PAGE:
We suspected, but all that information is on a need-to-know basis.  She was my first death. But  now there’s a kid with a migraine I had to go see, because you still have to go see people, and unfortunately there wasn’t a debrief after.  Though I saw a nurse after and said it was my first code. I asked, Is it normally that traumatic? No, he said–I’ve been in the ER for so many years, and normally you know when someone is about to code–they’re frail. But she was so young, no medical problems–that’s unusual.

Then I was in ICU these past 2 months,, which I’ve never done in med school. So that was quite a learning curve. But they said I was the best team member they ever had. I said thanks, you’re just stroking my ego.

I think you’ve got to take it.

(Laughs) Let’s just say, I’m flattered, I guess? But yeah, in there, you see tons of COVID, a lot unvaccinated, a lot who end up dying or on a ventilator forever. It’s just so sad–and it doesn’t have to be this way.  I remember I read the book The Power of Now. [The author] says that 
when you you complain, you are in denial.
 So anytime, if I find myself complaining about whatever the present is, I I think it just means I’m in denial and I need to just accept reality. You know, it is what it is and all you can do is protect yourself and try to be a role model. We can’t change others, we can only change ourselves.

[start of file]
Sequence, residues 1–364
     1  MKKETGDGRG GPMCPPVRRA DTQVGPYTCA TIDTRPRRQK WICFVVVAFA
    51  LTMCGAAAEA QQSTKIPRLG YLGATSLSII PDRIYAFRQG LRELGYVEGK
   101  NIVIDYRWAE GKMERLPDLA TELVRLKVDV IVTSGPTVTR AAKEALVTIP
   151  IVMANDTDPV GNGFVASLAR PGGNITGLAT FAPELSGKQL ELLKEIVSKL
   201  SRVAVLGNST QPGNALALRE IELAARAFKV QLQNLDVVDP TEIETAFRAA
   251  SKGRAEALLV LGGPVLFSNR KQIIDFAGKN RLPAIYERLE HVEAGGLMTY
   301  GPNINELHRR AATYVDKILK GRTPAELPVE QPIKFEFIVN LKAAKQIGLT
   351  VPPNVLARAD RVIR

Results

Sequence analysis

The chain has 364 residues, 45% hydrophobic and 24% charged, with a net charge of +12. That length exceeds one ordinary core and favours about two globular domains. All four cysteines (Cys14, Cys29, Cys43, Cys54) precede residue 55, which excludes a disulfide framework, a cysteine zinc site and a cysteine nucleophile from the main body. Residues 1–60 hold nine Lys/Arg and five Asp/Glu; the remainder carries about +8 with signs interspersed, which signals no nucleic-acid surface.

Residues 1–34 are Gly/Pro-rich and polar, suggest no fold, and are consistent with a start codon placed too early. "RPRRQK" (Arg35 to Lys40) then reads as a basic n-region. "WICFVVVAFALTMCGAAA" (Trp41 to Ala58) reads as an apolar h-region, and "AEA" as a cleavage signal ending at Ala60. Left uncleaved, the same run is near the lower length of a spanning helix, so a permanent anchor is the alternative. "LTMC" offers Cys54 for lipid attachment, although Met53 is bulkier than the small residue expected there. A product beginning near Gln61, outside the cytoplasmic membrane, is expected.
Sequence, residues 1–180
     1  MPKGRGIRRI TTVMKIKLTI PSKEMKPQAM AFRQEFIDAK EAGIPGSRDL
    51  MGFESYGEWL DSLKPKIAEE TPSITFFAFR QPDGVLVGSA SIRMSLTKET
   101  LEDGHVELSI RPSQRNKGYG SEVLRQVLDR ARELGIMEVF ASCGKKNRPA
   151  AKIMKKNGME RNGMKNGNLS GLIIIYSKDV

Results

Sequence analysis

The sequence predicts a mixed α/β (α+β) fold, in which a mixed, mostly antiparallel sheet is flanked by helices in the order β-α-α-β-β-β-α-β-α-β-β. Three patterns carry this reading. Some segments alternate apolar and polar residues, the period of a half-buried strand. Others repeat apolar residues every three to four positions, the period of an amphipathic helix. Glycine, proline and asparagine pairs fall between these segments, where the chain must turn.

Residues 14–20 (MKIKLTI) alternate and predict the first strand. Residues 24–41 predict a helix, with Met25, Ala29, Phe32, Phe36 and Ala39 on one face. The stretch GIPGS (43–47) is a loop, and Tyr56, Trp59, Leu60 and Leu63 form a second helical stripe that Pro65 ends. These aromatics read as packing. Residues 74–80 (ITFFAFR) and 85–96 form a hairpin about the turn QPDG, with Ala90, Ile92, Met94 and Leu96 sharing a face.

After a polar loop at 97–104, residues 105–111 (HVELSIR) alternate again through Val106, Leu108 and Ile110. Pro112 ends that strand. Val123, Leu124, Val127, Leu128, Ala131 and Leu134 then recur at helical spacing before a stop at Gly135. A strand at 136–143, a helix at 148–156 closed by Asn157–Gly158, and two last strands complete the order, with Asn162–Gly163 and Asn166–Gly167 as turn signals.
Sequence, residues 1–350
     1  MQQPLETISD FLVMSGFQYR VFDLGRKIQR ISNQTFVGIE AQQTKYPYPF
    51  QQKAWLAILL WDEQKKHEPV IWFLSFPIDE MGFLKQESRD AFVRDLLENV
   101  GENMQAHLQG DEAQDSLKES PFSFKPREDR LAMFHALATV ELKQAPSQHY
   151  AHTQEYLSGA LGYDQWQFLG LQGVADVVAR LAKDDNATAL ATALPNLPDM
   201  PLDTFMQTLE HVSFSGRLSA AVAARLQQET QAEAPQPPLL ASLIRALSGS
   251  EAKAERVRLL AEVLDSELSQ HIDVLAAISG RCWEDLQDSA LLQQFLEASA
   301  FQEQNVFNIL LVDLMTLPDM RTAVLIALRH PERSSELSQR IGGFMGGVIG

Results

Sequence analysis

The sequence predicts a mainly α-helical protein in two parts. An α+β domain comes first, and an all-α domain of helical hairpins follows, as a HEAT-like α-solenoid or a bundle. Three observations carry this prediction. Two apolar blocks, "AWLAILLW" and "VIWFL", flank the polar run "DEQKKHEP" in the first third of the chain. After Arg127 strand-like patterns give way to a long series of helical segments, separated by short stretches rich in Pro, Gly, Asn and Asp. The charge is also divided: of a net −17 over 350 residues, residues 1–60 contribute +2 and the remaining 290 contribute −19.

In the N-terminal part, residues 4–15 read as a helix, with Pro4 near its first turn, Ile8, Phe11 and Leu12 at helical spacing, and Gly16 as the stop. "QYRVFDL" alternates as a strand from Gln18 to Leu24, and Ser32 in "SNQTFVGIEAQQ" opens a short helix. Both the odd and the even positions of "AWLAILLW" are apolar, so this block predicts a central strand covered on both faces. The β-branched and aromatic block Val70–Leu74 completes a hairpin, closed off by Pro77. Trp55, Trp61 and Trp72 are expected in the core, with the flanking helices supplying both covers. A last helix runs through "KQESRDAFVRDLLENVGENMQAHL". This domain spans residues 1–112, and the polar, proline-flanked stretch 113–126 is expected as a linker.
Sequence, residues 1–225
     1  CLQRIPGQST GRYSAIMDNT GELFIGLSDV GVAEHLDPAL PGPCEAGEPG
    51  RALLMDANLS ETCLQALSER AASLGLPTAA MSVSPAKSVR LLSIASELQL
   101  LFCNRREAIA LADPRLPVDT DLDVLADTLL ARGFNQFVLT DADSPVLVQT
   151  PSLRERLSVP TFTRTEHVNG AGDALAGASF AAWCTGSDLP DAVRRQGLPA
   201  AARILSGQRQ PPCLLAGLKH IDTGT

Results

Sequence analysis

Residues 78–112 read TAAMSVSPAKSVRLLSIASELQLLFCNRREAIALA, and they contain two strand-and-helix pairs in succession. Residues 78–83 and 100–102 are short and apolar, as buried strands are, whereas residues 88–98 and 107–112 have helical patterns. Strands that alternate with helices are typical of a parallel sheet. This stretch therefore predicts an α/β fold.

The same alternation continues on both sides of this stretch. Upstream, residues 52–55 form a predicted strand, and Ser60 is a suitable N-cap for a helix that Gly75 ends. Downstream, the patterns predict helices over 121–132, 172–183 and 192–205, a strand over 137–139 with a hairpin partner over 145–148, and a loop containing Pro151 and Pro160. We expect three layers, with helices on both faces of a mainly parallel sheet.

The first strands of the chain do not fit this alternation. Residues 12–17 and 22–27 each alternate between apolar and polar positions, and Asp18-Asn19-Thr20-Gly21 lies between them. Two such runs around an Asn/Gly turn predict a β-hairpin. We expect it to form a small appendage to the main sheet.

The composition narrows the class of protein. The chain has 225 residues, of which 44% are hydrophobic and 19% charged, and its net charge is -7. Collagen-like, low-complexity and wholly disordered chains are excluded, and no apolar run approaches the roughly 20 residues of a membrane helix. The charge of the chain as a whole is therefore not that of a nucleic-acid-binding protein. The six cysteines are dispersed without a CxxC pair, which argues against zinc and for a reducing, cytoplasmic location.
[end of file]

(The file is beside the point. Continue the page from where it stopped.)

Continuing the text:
It sounds like you found a couple books to guide you, in addition to a therapist and a mentor. Are there other books or podcasts or media you recommend to people that you feel like helped you cope with just the sheer volume of like trauma and grief that is part of being a med student in these in these times?

I love the Marie Kondo book, The Life-changing Magic of Tidying Up. I read it after my first year. I read so many books–I couldn’t believe how many audiobooks I went through.

I think it was because I was struggling with insomnia, and talking to my therapist about it, and they recommended I play an audiobook to help fall asleep, but not something too interesting that keeps you awake. Although I ended up just getting the interesting ones–I’m like. I don’t want to waste my time! But definitely, yeah, that one was awesome because I think, prior to med school, what I realized is that I was actually depressed in high school and probably even before that.
 And I just didn’t know.
 When you’re in medical school, you become a hypochondriac: you’re like,  oh my god, I have this habit.
 You diagnose yourself with all these diseases. And so I think that it helped to just go through whatever was holding me back prior to med school, by going through my possessions.
 Like, you know–what really brings you joy? So that’s a fantastic book.

The Power of Now is a fantastic book too, because you just accept things, and you try not to judge. It helped with understanding how meditation works.

Oh, and doing yoga was really helpful during med school. Now I’m always on “Yoga with Adriene” YouTube channel. I’ll just pick one. Like, yesterday I was stressed, and I was judging myself, and I’m like, I need something, and I was like, I’m doing that video.  I love all her videos, and she’s just very likable.

I read Barack Obama’s book recently. I think that one just made me realize how much I don’t want to be invested in social media.
 So before I took my first set of boards between my second and third year, I had removed myself from Facebook; I still have Twitter and LinkedIn, but I don’t really update them.